Investing in childhood well-being vital for the growth of the nation – economists

Margaret Connor4 October 2011 New Zealand is the lowest of the OECD countries in terms of investment in childhood well-being, according to new research commissioned by the Every Child Counts…

Margaret Connor
4 October 2011

New Zealand is the lowest of the OECD countries in terms of investment in childhood well-being, according to new research commissioned by the Every Child Counts group.

Economist David Grimmond presented the Infometrics report 1000 days to get it right for every child: the effectiveness of public investment in Aotearoa/New Zealand children, saying that this low investment had very poor outcomes.

In looking at other countries that invest more and have better outcomes, he discovered that the outcomes are not always a direct result of the investment. For example, The Netherlands invests less than Norway and Denmark but has similar positive outcomes. Therefore, Grimmond believes that further investigating the patterns of investment in children in The Netherlands could inform planning improvements for New Zealand children.

Grimmond presented his research to a packed audience in the Barnardos seminar room in central Wellington on September 8.

As well as being about the absence of disease, well-being takes account of social factors that influence how we live our daily lives. We now know that people living with chronic disease can experience high levels of well-being.

In highlighting the need to better understand the many risk factors in family life and its stresses where children are born into poverty, David Grimmond emphasised five points which are set out as a framework for action in the next 1,000 days (about the duration of one parliamentary session).

More investment in pre-school
The first and second points focused on increasing investment in the preschool period of children’s lives to boost the lot of vulnerable children.

Grimmond’s third point recommended investment across the lifecycle of children that takes account of a range of well-being outcomes. Fourthly, was the imperative to regularly collect and disseminate good internationally comparable New Zealand research on child well-being.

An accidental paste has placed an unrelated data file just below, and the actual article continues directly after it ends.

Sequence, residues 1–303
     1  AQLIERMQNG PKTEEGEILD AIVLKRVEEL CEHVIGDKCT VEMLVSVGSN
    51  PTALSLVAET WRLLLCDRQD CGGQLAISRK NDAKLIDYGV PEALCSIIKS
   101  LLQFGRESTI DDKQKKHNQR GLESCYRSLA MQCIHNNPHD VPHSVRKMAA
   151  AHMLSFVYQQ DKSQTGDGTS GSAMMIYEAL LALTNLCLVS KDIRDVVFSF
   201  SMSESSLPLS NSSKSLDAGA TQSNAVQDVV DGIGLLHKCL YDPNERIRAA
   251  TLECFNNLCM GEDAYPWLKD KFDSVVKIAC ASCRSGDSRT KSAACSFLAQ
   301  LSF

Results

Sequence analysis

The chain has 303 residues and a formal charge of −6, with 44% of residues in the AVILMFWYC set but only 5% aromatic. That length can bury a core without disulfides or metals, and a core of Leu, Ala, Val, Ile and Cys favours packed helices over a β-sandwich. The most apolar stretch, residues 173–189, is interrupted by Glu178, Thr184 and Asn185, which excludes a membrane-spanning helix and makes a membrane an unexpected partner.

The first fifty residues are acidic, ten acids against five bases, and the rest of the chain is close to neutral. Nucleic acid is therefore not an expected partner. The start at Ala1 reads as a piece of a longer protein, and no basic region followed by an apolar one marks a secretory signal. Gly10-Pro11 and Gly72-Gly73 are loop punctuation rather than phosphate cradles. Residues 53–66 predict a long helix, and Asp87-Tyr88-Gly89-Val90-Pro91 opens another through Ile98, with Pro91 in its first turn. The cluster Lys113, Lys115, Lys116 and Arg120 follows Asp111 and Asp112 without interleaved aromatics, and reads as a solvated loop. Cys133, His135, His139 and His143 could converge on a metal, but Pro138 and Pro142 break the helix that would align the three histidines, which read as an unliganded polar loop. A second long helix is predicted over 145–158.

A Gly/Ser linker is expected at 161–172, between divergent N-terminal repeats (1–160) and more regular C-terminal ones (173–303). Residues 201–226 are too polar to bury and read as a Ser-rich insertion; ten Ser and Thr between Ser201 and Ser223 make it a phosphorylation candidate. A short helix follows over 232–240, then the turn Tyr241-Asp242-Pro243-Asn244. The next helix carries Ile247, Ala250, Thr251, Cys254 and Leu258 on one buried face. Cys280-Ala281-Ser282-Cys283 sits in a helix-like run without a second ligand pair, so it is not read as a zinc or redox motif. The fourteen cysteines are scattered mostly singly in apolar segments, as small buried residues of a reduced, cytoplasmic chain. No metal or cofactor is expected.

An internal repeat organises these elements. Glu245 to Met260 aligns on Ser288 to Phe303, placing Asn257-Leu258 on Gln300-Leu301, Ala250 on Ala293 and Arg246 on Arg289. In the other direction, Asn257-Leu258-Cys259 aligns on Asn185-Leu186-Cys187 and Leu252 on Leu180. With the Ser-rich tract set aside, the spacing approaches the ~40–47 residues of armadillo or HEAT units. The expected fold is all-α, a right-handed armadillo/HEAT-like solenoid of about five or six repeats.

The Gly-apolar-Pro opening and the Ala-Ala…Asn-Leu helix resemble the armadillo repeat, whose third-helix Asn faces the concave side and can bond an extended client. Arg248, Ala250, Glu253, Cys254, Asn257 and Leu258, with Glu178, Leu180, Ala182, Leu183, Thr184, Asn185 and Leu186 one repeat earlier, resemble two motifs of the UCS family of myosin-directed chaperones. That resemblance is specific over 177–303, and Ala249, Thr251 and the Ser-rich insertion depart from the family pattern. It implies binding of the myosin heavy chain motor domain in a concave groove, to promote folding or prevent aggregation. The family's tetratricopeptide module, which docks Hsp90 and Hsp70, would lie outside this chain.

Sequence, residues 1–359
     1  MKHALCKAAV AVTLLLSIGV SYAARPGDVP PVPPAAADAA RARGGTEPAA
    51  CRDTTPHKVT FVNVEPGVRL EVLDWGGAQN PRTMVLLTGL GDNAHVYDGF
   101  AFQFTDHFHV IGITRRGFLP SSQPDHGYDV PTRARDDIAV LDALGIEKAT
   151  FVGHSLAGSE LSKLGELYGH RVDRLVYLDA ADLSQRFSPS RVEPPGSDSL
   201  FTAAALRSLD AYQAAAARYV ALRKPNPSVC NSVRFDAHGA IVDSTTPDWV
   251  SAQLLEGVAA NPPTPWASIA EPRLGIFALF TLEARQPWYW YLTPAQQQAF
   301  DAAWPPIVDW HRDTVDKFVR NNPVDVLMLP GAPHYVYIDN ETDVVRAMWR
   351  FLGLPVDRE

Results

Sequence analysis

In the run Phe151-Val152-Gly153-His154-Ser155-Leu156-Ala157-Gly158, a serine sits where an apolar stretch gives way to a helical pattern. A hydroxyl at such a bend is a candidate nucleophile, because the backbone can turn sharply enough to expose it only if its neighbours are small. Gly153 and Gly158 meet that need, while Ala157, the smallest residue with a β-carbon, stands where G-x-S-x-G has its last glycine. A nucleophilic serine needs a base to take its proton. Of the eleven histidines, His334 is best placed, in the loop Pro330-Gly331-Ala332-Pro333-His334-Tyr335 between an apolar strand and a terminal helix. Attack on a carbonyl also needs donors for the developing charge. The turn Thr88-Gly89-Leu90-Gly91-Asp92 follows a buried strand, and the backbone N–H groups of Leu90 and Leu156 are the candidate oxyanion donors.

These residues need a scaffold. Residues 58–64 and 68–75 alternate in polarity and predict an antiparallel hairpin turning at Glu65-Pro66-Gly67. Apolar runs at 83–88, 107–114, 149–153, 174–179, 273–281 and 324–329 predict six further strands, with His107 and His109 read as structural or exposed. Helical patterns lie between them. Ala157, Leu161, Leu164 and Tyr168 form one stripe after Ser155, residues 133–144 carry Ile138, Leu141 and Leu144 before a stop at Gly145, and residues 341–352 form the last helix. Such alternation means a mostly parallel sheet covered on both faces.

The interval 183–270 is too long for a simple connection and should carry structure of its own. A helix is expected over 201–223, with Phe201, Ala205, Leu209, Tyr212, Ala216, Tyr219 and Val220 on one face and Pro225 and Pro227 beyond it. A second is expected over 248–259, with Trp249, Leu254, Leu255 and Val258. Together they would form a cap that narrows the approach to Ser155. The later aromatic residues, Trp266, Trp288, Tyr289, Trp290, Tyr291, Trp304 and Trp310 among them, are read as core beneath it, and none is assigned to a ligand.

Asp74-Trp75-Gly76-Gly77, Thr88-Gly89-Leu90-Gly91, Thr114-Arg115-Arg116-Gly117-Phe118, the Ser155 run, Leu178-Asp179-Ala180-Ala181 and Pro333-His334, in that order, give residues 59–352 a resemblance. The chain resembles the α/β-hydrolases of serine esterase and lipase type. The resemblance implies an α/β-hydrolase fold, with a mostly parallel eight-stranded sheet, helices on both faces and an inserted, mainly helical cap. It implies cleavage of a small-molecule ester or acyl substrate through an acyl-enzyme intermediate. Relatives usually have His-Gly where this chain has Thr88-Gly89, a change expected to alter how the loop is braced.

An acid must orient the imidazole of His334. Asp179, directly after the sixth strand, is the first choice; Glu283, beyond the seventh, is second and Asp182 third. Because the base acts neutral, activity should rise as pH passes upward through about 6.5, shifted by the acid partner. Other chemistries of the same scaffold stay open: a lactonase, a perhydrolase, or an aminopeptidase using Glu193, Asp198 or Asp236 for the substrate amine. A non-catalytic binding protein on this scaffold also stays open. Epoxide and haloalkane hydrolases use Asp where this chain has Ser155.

Lastly he called for ongoing experimentation of policies and programmes that are rigorously evaluated to find what is most effective in improving the well-being of children.

Ineffective programmes should be promptly replaced with programmes that are known to work. These could come from a variety of providers.

If these areas become the focus of investment in the next 1,000 days he believes that the investment will lead to greater improvements in the well-being of New Zealand’s children and their families.

Another report titled He Ara Hou: the Pathway forward by The University of Auckland and led by Associate Professor Manuka Henare focused on Pasifika children. More than half of the 200,000 children living in poverty in New Zealand belong to Māori and Pasifika families. Approximately one quarter of families in these two groups live on some form of benefit with the highest percentage on the domestic purposes benefit.

Hardship times four
Sole parent families experience four times the hardship of two parent families. Unemployment is also a major factor for these families and this has risen in the current economic climate. 

This situation relates to what Henare describes as the wealth paradox in our current society: the rates of wealth and of poverty rise together. The diminished well-being for such a significant group is no accident but a consequence of economic ideology which is no longer adequate for Aotearoa/New Zealand.

Well-being for all is a moral value and receives only lip service in our society. Well-being according to Henare is determined by communities and relates to their capacity to achieve it.

The question is: What are people capable of and what interferes with their achievement of it thus interfering with their well-being and happiness?

He introduced a ‘capabilities approach’ achieved by asking Māori and Pasifika communities what well-being means for them and what capabilities are needed to realise it.

The freedom to live differently is central to the development of capabilities. Rather than using gross domestic product as a measurement, the capabilities approach demands a reshaping of the economy and development of new measures for well-being. 

Such measures should emerge from four main tenets of Māoritangi: spiritual, environmental, kinship and economic.  Spiritual, environmental and kinship wealth are as important as economic wealth. The four areas are bound together within Mauri seen as the life force permeating all Māori and Pasifica thinking.

The challenge to improve the well-being of our children can no longer be ignored. Apart from the economic cost to society of poor investment, not accounting for the well-being of a child robs them of the chance to develop their potential and live a rewarding adult life.

Henare called for immediate consultation with Māori and Pasifica families and their communities because these suffer most from diminished well-being.

Both reports were commissioned by the ‘Every Child Counts’ group and are available with the speakers’ Powerpoint presentations by emailing